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Question CI/CD Pipeline Options

Discussion in 'Testing & Automation' started by unity_76FF83E736BC130FE51B, Jun 20, 2023.

?

Do you use CI/CD pipelines?

  1. Yes

    6 vote(s)
    75.0%
  2. No

    2 vote(s)
    25.0%
  1. unity_76FF83E736BC130FE51B

    unity_76FF83E736BC130FE51B

    Joined:
    Jun 19, 2023
    Posts:
    2
    Hey fellow Unit developers. I would like to automate some of my team's builds and I am wondering what are some good options to use. Specifically:

    - What provider are you using? (GitHub, GitLab, etc)
    - Do you do any testing?
    - Do you run any static analysis?
    - How do you build the codebase?
     
  2. rdjadu

    rdjadu

    Joined:
    May 9, 2022
    Posts:
    118
    • We're using GitHub Actions with our own self-hosted runner (ATM only one). We need Mac and GitHub Mac runners are super expensive and pretty slow. We did use them for a while but installing Unity on the agents alone ate up 10 minutes of running time. We don't want to run stuff on Linux as we want CI to build and run our project the same way we do locally. We're pretty happy with GitHub Actions. Great system and well integrated into GitHub overall.
    • We have automated tests that use the Unity test framework (still <2). There's the odd test that uses NSubstitute but the vast majority of our tests are integration tests that don't isolate. A fair share of them goes directly to our backend services (to the dev and not the production instances).
    • No static analysis. Not even coverage. For us, not very useful.
    • Plain Unity command line automation. We do have a small C# build script in the Unity project.
    The only somewhat unusual thing I guess is that we have our own automation frontend written in C#. IMO it makes no sense to have your automation tools written in some language that about 0.5 programmers on your team actually understand well. So, all our automation is just a .NET Core 6 project. Could be that if I had known about NUKE back then, that's what we would have used.

    We did look at GameCI back then but doing Linux was not an option for us (the project didn't even work on Linux and we have exactly no programmers on the team actually doing Linux; Windows was supposed to be working but didn't work in our testing either). In the end, we figured we need extremely little to run automation on a Unity project so did it custom. The trickiest part was having our automation install Unity. And none of that we use anymore after moving to our self-hosted runner.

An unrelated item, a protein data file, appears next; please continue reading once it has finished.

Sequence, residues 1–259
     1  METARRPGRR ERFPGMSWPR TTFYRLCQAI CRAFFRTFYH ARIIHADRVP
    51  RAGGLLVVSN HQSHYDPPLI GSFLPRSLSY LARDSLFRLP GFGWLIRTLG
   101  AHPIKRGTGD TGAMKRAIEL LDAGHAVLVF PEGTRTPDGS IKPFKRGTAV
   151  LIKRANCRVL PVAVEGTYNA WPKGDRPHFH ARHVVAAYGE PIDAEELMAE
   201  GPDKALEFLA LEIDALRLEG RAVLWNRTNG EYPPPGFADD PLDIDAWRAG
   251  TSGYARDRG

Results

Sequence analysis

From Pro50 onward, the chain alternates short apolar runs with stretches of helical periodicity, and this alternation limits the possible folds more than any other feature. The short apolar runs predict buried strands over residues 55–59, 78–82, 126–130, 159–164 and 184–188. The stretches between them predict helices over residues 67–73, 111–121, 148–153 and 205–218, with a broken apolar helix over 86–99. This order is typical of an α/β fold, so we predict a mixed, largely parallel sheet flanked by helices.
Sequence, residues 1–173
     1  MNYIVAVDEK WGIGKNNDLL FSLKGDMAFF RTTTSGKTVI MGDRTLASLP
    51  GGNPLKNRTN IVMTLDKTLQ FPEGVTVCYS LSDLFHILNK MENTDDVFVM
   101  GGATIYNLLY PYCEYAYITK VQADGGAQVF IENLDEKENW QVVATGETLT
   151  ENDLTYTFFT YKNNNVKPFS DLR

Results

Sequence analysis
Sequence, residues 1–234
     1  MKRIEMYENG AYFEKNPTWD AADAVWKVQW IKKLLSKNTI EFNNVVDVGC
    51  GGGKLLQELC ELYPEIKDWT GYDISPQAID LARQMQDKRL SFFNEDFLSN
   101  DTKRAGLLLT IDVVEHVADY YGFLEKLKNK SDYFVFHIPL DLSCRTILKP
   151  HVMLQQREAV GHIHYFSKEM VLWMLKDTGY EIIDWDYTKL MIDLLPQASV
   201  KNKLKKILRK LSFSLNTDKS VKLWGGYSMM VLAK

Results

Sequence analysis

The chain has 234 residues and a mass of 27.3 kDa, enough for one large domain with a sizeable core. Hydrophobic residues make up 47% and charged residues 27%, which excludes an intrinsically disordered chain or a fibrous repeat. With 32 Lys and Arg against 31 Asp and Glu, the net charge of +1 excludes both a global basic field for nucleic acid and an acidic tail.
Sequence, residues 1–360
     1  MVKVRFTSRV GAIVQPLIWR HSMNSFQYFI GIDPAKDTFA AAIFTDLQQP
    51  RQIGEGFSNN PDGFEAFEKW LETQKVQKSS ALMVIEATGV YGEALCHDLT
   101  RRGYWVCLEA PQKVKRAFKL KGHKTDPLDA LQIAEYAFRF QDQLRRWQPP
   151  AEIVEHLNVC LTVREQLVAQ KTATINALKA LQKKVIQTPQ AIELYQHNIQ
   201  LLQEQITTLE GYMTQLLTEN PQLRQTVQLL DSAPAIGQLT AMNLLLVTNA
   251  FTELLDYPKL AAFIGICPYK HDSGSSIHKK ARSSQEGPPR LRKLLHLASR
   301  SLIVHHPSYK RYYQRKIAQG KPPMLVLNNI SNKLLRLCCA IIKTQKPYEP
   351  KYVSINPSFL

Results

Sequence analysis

Nice thing about having it as just a custom .NET Core 6 project is that it's trivial to modify this and to run it locally. For example, we have a check that makes sure that our commit messages adhere to our convention. And anyone on the team can understand and modify this stuff because it's just a little bit of C# code invoked directly from one plain and simple GitHub Actions .yml file.

    Our runs aren't the fastest in the world but we stand at 30 mins ATM including test runs and both full iOS and Android builds (IPAs and APKs).

    We are missing automated publishing (e.g. to TestFlight) ATM. We do want to add that. It's really just a matter of pushing our builds somewhere at the end. Right now, we just upload them to GitHub as build artifacts.

    Also, we don't run tests on device. Editor only ATM.
     
    Last edited: Jun 20, 2023
  3. CodeSmile

    CodeSmile

    Joined:
    Apr 10, 2014
    Posts:
    7,024
    I use:
    • TDD 100% coverage
    • GameCI with GitHub actions that runs tests in edit & play mode for both minimum supported and most up-to-date Unity versions. Also creates builds for all supported platforms.
    • Static analysis with NDepend. Steep learning curve initially but well worth it.